Why do the smartest people in the world (at least in their own minds) keep getting surprised? This past week, the most common measure of inflation rose, even though official Washington (the Fed, Biden Treasury, White House) told us it would fall. Inflation is often defined in the press as too much money chasing too few goods. So, the solution seems simple — reduce the supply of money, increase the supply of goods and services, or both.

The Federal Reserve (the U.S. central bank), in theory, controls the supply of money — and thus, it gets blamed for inflation. Those who run the Fed, however, have several problems, including the definition of money they are trying to manage (usually M2, which includes cash, checking deposits, and noncash assets that can easily be converted into cash). Changes in the supply of M2 can take a long and variable time to show up as a change in the inflation rate — and even then, they are not perfectly correlated. There are exogenous shocks to the economic system that can cause quick shifts in relative prices that are often confused with inflation (a general rise in the price level), which is not the same as a rise in particular prices.

In 2019, the U.S. economy was humming with reasonable growth, full employment, rising real incomes, and inflation under 2%. When the pandemic hit in 2020, the U.S. and most other countries shut down their economies to a greater or lesser degree. Policymakers realized incomes would fall. Their solution was for the government to give individuals and businesses “free money” — unrelated to producing anything. So, again, the supply of money was increased without a corresponding increase in production, causing much higher inflation. Note: The U.S. Treasury sent out the checks it funded by selling bonds — primarily to the Fed — and the Fed “printed” the money to pay for the bonds. (The previous sentence was a shorthand for a complex process.) The Biden administration and the Fed were surprised when inflation soared to 9%, but rather than reduce government spending, they increased it (adding fuel to the inflation fire). The result of the wrongheaded policy is that inflation is now running at rates above the increase in wages — meaning that many people are suffering a real fall in their standard of living despite having a job.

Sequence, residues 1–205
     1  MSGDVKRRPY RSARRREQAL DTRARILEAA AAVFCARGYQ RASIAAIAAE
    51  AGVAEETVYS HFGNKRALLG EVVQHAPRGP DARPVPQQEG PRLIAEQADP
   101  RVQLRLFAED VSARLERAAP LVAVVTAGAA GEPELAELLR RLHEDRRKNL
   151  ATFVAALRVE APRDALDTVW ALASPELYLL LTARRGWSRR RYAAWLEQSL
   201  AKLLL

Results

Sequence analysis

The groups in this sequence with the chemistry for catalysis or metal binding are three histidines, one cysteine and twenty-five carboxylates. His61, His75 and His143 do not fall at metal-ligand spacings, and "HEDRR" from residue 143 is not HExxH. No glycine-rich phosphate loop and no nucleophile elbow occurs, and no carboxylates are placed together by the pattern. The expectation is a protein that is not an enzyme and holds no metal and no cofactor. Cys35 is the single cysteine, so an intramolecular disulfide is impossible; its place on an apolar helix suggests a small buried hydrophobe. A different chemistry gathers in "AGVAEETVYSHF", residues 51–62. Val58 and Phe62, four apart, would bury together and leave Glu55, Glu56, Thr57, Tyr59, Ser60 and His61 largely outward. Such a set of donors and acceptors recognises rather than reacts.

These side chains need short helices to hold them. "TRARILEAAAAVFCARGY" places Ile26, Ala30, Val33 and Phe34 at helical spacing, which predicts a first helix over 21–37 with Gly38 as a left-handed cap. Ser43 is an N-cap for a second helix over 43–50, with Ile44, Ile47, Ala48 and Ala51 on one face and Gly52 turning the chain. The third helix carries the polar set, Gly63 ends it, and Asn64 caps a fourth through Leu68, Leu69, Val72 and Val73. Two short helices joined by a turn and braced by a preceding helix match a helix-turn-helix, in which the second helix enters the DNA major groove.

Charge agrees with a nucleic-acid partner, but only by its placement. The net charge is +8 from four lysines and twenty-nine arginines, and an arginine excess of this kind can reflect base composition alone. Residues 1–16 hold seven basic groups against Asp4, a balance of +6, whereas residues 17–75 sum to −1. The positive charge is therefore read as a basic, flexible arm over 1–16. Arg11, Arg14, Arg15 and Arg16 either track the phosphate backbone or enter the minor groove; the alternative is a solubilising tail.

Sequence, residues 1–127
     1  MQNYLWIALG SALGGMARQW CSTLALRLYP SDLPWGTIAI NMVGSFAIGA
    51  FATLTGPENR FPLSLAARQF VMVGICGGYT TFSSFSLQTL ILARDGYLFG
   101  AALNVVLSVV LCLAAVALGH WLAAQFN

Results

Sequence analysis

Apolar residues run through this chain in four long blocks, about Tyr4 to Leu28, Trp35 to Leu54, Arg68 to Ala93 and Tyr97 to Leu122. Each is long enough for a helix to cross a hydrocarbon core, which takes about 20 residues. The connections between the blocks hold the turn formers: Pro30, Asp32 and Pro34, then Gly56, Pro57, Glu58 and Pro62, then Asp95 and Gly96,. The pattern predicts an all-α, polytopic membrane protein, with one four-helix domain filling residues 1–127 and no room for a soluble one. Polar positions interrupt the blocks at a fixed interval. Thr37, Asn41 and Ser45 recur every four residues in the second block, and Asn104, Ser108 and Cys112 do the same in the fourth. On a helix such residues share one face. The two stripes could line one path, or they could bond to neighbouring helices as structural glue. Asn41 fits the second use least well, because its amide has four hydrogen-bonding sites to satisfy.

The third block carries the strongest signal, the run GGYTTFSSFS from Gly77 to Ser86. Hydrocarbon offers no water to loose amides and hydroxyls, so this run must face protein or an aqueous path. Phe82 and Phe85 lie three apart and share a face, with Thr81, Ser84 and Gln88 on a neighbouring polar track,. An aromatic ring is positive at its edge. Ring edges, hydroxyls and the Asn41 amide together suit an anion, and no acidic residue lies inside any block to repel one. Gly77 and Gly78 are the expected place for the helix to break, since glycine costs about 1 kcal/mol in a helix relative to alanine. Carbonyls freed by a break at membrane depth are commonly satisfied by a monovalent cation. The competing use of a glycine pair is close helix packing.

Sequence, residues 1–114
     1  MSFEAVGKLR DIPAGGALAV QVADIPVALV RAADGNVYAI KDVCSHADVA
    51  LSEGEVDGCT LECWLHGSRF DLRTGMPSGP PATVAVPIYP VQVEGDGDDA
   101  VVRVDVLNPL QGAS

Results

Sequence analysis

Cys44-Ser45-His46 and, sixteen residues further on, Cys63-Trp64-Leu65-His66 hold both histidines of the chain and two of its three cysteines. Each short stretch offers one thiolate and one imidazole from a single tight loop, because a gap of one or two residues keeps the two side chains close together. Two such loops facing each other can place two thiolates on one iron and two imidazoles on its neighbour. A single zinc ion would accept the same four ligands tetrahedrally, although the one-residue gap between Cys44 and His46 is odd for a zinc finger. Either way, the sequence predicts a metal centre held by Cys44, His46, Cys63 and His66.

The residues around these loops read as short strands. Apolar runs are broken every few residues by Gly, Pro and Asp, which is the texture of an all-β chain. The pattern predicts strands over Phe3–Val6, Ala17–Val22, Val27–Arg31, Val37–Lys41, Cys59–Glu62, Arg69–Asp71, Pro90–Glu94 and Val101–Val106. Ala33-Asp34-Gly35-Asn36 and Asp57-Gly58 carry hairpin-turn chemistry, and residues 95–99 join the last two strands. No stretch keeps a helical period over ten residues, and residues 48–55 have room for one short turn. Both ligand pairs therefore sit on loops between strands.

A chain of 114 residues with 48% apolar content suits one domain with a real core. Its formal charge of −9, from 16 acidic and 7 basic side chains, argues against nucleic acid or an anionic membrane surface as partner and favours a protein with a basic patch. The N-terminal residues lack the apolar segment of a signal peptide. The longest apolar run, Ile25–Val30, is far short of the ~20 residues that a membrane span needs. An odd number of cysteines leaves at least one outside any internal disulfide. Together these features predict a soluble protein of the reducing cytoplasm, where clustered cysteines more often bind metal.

One of the most rapidly growing areas of employment is in government jobs. For the most part, these jobs do not produce more and better real goods and services, but in fact, are of negative value. First responders and schoolteachers who teach basic skills are some of the most important and productive people in society. But the legions of government bureaucrats who impede productive activity through counterproductive paperwork and regulation are a true cancer on the economy.

At the moment, sanctuary cities such as New York are providing housing, health care, education, crime protection, food, and other benefits to large numbers of illegal aliens who are not producing needed or desired goods and services. These payments are being funded by productive taxpayers and by government bond issues. Again, the government is indirectly increasing the money supply to cover the costs of people who are not adding to national wealth but are a drain on it — which shows up in the form of inflation.

Next to reducing government spending, perhaps nothing can reduce real economic costs for society; hence, pressure on the Fed to create excess money instead of making energy production less costly — given that energy is a component of almost everything.

Green energy is all the rage with the Biden administration, but it often makes no economic sense. Proponents of wind and solar energy often argue that those sources are cheaper than fossil fuels. Typically, they leave out the amount of downtime when the sun is not shining, or the wind is not blowing at useful speeds — not too fast or too slow. They often also leave out the capital and maintenance costs of wind and solar power.

Rational people who are truly interested in minimizing energy costs are looking at new technology, nuclear units and geothermal, which are not dependent on the weather and can run for decades, with extremely low marginal costs. Natural gas also has a low carbon imprint, coupled with low capital costs and proven non-weather-dependent technology. The administration should allow markets rather than government bureaucrats — driven by often irrational ideologies — to determine the most cost-effective sources of energy.

At this point, the administration has little choice if it wants to reduce inflation. It should greatly reduce government spending and size by applying a serious cost-benefit analysis to every government activity. But Washington seems unable to gather the political will to do what should be easy things, like stopping transfer payments to those who are not U.S. citizens or legal residents.

• Richard W. Rahn is chairman of the Institute for Global Economic Growth and MCon LLC.


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